7 Reasons Not to Worry This Week
After all of the partisan back and forth, the framework for a deal that would raise the debt ceiling but hack away at government spending seems to be in place.
We'll see how this plays out in the coming days and weeks, but it's clear that the uncertainty weighed down the stock market last week.
It wasn't the only anchor.
I went over several companies going the wrong way on Friday, projected to post lower quarterly earnings this week than they did a year ago.
Thankfully, they're the exceptions and not the rule. Let's go over some publicly traded companies that are expected to stand tall this week by posting year-over-year improvements on the bottom line.
Latest Quarter EPS (Estimated)
Year-Ago Quarter EPS
|Archer Daniels Midland (NYS: ADM)||$0.85||$0.69||Add|
|OpenTable (NAS: OPEN)||$0.27||$0.15||Add|
|Sirius XM Radio (NAS: SIRI)||$0.01||($0.01)||Add|
|MasterCard (NYS: MA)||$4.22||$3.49||Add|
|priceline.com (NAS: PCLN)||$4.87||$3.09||Add|
|World Wrestling Entertainment (NYS: WWE)||$0.24||$0.08||Add|
|Procter & Gamble (NYS: PG)||$0.82||$0.71||Add|
Source: Thomson Reuters.
Clearing the table
Let's start at the top, with Archers Daniels Midland.
It's easy to see the agricultural giant growing. The global demand for seeds and other harvest-enhancing products is making Archers Daniels Midland pretty popular these days. Analysts see revenue kicking in with a hearty 30% surge to go along with robust bottom-line growth.
OpenTable has redefined the fine dining experience. Its high-tech electronic reservations book makes it easier for restaurants to manage tables and patron preferences. Foodies love OpenTable because its namesake website and app provide 24/7 access to dining reservations.
Sirius XM is the only game in town when it comes to satellite radio. Analysts see the media giant growing on its recent profitable turn, and investors will be tuning in to see if the broadcaster is willing to divulge information on its upcoming Sirius XM 2.0 platform or its likely price hike.
There are some things that money can't buy. For everything else, we have MasterCard's quarterly report on Wednesday. The swiped plastic marketer has held up well during the credit crunch, largely because it's a marketer and not an issuer of its signature cards. The competition is there. Even PayPal is hoping to make a bricks-and-mortar splash in the coming months. However, MasterCard continues to keep -- pardon the pun -- charging ahead.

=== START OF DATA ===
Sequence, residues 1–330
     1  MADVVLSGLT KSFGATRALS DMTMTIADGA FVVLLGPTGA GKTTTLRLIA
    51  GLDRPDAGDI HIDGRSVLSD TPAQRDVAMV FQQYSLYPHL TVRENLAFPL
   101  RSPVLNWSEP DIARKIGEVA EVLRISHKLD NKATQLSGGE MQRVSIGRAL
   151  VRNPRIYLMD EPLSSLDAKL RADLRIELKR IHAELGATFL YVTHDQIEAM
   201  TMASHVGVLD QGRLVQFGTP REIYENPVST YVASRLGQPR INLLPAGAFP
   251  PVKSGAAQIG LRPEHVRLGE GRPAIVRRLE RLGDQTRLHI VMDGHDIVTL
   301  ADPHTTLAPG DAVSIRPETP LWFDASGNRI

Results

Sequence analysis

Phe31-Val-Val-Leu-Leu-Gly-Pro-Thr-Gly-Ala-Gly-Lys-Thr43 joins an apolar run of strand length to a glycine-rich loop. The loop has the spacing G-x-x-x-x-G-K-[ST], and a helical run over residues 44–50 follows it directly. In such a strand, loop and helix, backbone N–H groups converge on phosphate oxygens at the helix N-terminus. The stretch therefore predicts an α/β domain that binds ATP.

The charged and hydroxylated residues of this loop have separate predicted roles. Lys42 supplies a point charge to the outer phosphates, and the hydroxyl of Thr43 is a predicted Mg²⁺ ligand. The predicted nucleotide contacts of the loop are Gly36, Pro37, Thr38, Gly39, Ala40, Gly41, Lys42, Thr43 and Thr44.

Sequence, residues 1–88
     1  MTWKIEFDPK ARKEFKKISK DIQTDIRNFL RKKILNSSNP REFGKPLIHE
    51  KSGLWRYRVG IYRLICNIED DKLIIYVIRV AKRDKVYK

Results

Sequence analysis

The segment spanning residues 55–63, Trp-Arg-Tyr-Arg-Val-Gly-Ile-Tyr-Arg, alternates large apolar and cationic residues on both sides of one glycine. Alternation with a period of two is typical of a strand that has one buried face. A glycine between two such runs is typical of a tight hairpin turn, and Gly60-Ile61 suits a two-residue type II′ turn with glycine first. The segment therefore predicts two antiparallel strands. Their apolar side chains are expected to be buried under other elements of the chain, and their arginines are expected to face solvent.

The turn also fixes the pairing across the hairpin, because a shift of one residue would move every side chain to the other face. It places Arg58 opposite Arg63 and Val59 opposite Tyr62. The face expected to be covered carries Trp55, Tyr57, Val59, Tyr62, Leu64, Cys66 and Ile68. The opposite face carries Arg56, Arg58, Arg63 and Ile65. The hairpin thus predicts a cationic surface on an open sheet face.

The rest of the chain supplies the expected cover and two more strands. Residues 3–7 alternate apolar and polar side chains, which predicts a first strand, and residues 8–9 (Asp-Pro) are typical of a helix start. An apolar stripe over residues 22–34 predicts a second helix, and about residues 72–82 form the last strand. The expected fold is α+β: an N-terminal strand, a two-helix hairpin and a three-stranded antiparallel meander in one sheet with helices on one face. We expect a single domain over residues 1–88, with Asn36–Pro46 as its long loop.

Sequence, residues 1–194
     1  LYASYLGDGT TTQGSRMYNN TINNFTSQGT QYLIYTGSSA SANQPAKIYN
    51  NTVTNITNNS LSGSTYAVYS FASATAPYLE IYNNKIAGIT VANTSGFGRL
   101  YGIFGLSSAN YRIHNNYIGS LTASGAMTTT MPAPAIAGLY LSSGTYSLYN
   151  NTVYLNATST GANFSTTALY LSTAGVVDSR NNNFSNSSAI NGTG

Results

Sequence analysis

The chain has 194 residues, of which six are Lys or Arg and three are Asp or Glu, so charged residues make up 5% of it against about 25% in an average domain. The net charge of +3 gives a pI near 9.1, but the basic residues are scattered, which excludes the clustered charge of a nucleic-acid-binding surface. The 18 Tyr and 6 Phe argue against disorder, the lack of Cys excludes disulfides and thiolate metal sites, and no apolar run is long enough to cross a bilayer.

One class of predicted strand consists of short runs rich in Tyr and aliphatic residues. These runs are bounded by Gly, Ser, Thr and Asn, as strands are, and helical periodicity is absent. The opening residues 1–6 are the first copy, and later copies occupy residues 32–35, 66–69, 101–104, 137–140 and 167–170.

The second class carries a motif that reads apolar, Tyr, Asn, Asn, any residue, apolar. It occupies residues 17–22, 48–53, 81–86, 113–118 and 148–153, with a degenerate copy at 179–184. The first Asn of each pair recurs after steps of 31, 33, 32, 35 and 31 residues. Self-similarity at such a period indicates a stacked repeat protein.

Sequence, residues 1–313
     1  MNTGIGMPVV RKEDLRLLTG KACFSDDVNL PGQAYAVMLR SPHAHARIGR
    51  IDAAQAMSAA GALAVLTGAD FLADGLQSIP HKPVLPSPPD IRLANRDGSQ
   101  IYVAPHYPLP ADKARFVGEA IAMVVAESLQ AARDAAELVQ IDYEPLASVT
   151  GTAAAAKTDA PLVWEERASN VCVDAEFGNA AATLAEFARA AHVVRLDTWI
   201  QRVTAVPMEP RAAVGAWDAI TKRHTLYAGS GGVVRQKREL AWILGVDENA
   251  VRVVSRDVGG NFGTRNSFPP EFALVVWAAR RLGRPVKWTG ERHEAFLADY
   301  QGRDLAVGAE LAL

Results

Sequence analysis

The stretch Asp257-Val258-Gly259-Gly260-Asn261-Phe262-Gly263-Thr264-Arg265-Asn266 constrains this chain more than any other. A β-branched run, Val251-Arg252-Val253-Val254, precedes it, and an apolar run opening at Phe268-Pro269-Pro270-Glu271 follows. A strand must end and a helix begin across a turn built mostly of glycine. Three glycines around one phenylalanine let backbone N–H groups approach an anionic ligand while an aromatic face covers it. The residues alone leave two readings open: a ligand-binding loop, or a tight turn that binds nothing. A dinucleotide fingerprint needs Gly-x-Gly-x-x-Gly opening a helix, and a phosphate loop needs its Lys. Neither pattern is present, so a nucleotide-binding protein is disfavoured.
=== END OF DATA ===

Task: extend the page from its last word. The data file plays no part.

Travel portals seem to be hit or miss for investors these days, but priceline.com has been the niche darling for a reason. It routinely beats Wall Street expectations, and it continues to grow as a popular source for travel deals and more traditional bookings.
World Wrestling Entertainment is no longer trying to convince fans that its grapplers are real. The word "entertainment" has been part of its moniker for several years now. The liberating move has freed the company to open up its storylines, but its bottom line has had its shares of ups and downs. The company still relies on pay-per-view broadcasts and live events to bring home the bacon, and we'll learn more about that come Thursday.
Finally, we have Procter & Gamble moving higher. The company behind Crest toothpaste, Pampers diapers, and countless other supermarket staples is expected to post a 15% uptick in per-share profitability for its latest quarter.
Cross those fingers, but know the fundamentals
Investors in these seven stocks have a right to be excited. They are all improving their financial situations. They are worthy of the gains that the market rally has bestowed upon them over the past year.
I wouldn't be uncomfortable owning any of these companies. They're doing the right thing, regardless of Mr. Market's mood swings.
The expectations may be high, but these seven stocks wouldn't have it any other way.
Are you a buyer or a seller of stocks these days? Share your strategy in the comment box below.
At the time this article was published Motley Fool newsletter services have recommended buying shares of priceline.com, Procter & Gamble, and OpenTable. Try any of our Foolish newsletter services free for 30 days. We Fools may not all hold the same opinions, but we all believe that considering a diverse range of insights makes us better investors. The Motley Fool has a disclosure policy.Longtime Fool contributor Rick Munarriz prefers to look at the bright side of life -- and strife. He does not own shares in any of the companies in this story. He is also part of theRule Breakersnewsletter research team, seeking out tomorrow's ultimate growth stocks a day early. The Fool has a disclosure policy.
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